Whenever I say, "Do you girls want to go out?" Tabby Bobcat can be snoozing on the other end of the house, and she'll be the first at the door.
|Tabby leads the way down the ramp; Maggie follows.|
|The morning light in this pic is extra-delicious. Sweet Maggie by the clothesline.|
|She ventures off a bit farther than Millie. Sometimes Millie will join her.|
|Not this time, tho. This is usually as far as she goes; near the woodshed.|
|My sweet Millie.|
|You can't tell, but Tabby Bobcat is behind the base of the forsythia bush there. And poor bush; she has bent some of the lower branches and played with them. She also plays with the rocks; throwing them up with her front paws.|
|Of course, by the time I switched angles to get a pic, the Kodak Moment was gone!|
|One of Maggie's other spots.|
|Another favourite spot of Maggie's by the wood shed.|
|Whereas the porch is Millie's domain.|
We interrupt this M&M Monday for a Tabby Bobcat Special:
|This is where Tabby likes to hang out, when she's not accosting the forsythia bush.|
|Couldn't resist. She's just so stinkin' CUTE.|
Back to our regularly scheduled M&M Monday:
|Notice the Gluten Free pasta I dropped on the runner? Maggie trotted in & I thought, "Oh, good. She'll clean it up for me. She sat down next to it . . .|
|And was completely indifferent. "MEH."|
|Perhaps Millie would like some GF Pasta?|
|But no! Not really all that interested.|
Back inside . . .
|Tabby on the coffee table. Millie says Hullo.|
I had an interesting experience with Millie this week. She gets panicky when she slides off her bed and can't get back up. Well, without even thinking, I went behind her and lifted up her lower back and positioned her back on her bed. There's NO WAY I could have done that when I first got her. She's the reason for the duct taped runners down my hall. One ferocious warning growl & snap at my hand and I never tried to lift her again--until this week. And she was OK with it. And then--THEN! I went out the front door and when I came back, she was lying down on the bare floor. *sigh* Again, this is why I have beds, rugs, & carpets covering the floor because it's slippery and if she gets stuck on there, it's a whole production to get her back onto a textured surface. Except. When I came in & walked to the carpet, she started to get up, but hesitated. I said, "Come on, Mil." And she did. I guess she's feeling safer an more secure.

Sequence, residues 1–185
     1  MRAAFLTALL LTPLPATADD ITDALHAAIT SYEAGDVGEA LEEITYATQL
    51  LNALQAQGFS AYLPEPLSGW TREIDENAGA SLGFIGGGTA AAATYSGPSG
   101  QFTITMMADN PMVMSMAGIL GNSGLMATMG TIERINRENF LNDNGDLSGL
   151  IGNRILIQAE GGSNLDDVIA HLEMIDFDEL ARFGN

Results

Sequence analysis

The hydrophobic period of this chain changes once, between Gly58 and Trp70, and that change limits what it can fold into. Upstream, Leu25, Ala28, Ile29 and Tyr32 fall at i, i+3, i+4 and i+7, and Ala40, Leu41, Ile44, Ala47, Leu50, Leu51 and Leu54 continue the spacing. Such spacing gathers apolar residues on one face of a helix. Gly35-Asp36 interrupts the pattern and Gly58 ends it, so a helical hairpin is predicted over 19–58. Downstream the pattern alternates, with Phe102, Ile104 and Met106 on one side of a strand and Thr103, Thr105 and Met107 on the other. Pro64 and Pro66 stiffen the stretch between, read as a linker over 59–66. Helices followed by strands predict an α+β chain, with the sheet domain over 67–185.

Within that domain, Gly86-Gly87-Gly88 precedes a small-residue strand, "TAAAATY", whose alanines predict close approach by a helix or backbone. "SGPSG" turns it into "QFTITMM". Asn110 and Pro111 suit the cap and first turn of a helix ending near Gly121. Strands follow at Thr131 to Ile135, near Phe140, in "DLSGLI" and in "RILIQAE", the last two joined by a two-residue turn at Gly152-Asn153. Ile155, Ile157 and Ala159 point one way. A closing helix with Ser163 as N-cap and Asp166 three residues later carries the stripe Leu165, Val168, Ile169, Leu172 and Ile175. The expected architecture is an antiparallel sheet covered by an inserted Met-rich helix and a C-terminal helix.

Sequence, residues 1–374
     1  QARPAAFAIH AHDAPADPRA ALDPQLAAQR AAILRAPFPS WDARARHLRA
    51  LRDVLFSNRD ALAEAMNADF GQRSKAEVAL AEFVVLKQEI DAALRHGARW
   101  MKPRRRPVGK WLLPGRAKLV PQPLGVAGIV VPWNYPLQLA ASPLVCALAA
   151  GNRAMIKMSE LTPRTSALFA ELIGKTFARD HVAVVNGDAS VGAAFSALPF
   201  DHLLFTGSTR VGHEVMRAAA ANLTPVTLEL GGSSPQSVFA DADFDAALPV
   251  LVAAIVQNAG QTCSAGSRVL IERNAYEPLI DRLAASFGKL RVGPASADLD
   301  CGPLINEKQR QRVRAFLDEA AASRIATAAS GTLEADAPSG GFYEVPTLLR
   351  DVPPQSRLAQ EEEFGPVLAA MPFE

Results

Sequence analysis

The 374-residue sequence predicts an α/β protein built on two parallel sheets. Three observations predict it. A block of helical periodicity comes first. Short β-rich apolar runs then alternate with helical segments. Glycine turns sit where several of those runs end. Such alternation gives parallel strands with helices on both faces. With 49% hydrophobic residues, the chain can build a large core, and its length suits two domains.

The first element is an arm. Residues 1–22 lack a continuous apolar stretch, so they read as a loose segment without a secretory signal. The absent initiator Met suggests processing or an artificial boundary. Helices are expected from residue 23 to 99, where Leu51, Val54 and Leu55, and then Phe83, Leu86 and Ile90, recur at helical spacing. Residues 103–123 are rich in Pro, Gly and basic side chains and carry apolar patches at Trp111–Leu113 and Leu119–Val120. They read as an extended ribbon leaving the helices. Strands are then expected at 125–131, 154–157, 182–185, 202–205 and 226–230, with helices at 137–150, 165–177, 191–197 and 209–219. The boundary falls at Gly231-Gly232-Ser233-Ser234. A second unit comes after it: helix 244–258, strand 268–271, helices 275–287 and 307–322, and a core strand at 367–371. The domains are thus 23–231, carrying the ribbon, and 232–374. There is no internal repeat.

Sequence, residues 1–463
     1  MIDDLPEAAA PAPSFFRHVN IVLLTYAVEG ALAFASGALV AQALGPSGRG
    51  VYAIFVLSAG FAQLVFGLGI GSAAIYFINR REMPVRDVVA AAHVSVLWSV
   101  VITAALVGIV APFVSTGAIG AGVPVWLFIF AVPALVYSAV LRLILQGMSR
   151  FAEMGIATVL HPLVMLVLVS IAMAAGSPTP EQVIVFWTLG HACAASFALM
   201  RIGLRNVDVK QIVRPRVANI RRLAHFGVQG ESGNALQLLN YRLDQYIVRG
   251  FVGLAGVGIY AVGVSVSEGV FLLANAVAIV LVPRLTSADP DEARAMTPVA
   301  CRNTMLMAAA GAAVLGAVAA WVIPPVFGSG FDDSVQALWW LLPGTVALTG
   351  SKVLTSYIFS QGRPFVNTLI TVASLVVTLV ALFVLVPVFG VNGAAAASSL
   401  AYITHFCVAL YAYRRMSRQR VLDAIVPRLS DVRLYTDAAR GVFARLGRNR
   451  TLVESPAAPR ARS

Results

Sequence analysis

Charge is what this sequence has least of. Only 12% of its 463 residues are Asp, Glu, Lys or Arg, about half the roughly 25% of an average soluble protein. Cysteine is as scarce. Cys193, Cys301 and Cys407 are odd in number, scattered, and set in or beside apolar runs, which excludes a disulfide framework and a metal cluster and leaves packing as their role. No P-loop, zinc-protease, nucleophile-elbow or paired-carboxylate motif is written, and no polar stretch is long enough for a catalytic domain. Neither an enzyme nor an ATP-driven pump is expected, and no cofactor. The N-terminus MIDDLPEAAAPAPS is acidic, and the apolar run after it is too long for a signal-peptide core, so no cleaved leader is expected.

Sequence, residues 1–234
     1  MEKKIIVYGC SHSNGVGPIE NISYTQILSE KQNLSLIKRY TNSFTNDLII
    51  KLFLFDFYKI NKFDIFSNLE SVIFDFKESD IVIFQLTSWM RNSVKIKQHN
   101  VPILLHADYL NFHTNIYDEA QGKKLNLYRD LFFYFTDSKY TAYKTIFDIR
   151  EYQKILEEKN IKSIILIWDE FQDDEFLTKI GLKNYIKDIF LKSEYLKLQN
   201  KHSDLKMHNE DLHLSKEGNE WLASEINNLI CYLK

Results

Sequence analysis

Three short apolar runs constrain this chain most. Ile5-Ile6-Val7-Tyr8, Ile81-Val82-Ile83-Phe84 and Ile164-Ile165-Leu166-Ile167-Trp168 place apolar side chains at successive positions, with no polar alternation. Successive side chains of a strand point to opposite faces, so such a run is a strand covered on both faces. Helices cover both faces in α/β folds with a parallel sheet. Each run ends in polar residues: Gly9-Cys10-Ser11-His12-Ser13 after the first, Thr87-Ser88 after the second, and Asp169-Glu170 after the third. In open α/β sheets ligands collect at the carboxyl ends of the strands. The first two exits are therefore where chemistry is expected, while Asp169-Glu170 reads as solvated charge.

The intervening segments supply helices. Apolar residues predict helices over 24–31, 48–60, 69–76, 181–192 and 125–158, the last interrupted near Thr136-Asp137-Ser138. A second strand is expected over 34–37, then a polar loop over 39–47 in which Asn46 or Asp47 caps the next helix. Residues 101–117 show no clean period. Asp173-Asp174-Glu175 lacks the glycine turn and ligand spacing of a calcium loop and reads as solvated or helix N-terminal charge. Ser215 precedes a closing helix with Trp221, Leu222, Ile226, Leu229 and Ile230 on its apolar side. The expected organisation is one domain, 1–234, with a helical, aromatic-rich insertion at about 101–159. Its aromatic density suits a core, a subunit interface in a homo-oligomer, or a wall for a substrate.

Years ago, when I was studying with the very-brilliant Eric Jensen, he told of an experiment done with dogs where when they walked across a certain part of the floor, they got little shocks on their feet. (Horrible, I know). They only did it once or twice and then turned the shocky thing off, but the dogs continued to avoid that area. (I know. Wouldn't you?) So then they would walk the dogs over the area to show them that they wouldn't get shocked. How many times did it take before the dogs would voluntarily walk over that area? Can you guess? 25? 50? 100?
It took 200 times before they felt safe again. Eric was using it as an illustration of learned helplessness, where a child has the ability, but has been conditioned not to respond or perform. (I had a student like that when I was teaching first grade. Repeating first grade for the third time, he was perfectly capable but just sat there like a lump; whistling way beyond passive). Anyway, my point is that it takes time to build new neuro-pathways to create a new habit. It takes practice--and especially if there is an intense emotion attached to it, like fear. I could say this is about Millie, but it's also about me. It only took one warning snap in the beginning of our relationship for me to want to avoid lifting her up. Ever. But in the meantime, I have massaged and Reikied her almost every day; especially her lower back. So she trusts me to touch her gently and she knows I'm not going to hurt her. So maybe it was really me needing to unlearn a fearful pattern? Hmmm . . . and Millie was waiting for me.